"Life's Hard Get A Helmet"

Wisdom from the first weeks of marriage     

“Nothing is stronger, higher, wider, deeper, truer, happier, fuller, sweeter than Love.” So reads the front of the wedding card my wife and I received from her godfather. Most would agree love is such a sublime experience. But bring up marriage and the conversation turns into a cautionary tale. Even perfectly secure couples, in love with their spouse will often warn of the “difficulties of marriage.” 

Both my wife and I tired of hearing particular refrains from well­ meaning loved ones on our wedding day. The one I was repeatedly asked in the church vestibule as I prepared to take my place was “Are you nervous?!” I give my loved ones the benefit of the doubt that this was an example of the kind of small talk we file away for such occasions where “good luck!” and “knock em’ dead” seem a bit awkward. Part of the reason this particular question got to me was that I was not nervous, quite the opposite. All the preparations for the wedding day were over, centerpieces were at the venue, the flowers we set up, the musicians set, everyone was all dressed up and even if they weren’t or if something wasn’t perfect there was absolutely nothing I could do as I arrived at the church and took my place.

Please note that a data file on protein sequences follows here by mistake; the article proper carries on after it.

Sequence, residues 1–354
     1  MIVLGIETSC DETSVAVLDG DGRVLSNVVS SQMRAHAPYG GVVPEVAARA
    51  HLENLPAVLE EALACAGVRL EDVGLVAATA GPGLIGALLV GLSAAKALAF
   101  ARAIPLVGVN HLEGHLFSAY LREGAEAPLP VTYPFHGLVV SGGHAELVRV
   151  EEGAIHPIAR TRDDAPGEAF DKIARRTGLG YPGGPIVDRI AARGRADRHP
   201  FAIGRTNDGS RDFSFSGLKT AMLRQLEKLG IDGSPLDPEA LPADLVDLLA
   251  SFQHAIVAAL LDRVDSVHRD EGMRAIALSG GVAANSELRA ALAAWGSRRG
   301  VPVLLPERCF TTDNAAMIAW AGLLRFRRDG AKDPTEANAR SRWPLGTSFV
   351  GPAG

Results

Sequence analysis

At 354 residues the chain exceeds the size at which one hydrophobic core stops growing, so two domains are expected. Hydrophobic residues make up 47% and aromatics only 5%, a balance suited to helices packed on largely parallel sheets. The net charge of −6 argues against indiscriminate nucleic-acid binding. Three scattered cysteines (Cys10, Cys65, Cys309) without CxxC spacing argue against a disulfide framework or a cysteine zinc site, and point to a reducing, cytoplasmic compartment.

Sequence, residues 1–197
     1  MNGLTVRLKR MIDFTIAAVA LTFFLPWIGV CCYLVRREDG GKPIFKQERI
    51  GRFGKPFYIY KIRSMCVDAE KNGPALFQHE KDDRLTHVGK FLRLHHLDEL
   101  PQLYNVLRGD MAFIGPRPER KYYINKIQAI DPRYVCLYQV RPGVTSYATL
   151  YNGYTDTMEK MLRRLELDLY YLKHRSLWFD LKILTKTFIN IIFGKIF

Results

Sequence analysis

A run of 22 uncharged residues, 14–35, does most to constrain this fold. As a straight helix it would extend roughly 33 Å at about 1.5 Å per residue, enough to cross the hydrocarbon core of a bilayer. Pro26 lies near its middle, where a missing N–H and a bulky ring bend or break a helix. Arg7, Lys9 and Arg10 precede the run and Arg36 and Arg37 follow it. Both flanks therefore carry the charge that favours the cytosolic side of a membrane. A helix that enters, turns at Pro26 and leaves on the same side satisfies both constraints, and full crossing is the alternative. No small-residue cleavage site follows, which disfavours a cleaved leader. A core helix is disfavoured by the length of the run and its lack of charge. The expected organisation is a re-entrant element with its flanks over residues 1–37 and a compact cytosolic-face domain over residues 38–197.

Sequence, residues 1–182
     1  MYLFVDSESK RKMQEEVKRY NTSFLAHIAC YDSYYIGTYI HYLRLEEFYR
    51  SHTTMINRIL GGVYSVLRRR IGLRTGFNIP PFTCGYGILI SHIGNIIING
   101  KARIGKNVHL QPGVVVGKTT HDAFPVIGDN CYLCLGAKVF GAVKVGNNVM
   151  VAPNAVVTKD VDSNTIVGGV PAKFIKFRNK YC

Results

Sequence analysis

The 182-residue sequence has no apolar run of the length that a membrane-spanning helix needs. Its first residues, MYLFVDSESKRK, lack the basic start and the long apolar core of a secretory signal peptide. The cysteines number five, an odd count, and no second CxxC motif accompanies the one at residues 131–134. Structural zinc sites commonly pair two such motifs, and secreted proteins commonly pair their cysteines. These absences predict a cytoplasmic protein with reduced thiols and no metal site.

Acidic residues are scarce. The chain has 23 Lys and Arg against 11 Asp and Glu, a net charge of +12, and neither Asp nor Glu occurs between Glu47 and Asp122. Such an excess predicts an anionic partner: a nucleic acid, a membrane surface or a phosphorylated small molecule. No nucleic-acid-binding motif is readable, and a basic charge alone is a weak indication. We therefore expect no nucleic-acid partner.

There was another reason I wasn’t nervous. My bride and I had spent years preparing for this moment, growing in friendship, dating, enjoying discovering shared interests and exciting differences, growing in love, discerning our shared vocation, getting engaged, preparing for marriage and opening our hearts to each other. I have taken a few risks in my life with varied degrees of success but never have I been more confident of anything. I had such a deep peace in that moment. I like to think I already knew, on some level, what my wife’s godfather told us on the inside of that card:

“They say marriage is ‘hard’ and you’ll go through ‘tough times’ but that isn’t true. Life is ‘hard’ and has ‘tough times’ but the Sacrament of Marriage isn’t.”

Your gut reaction may be to recall difficulties in your own marriage or the troubled marriages of someone you know and think, “of course marriage is difficult!” But you would be missing the point, that though there may be difficulties in situations surrounding married life, the essence of Marriage is grace. The couple’s exchange of grace as they perform the sacrament and in their conjugal love, God’s gift of grace to each of them to help the other on their journey to heaven and the amazing image of grace encountered as a couple welcomes new life into the world.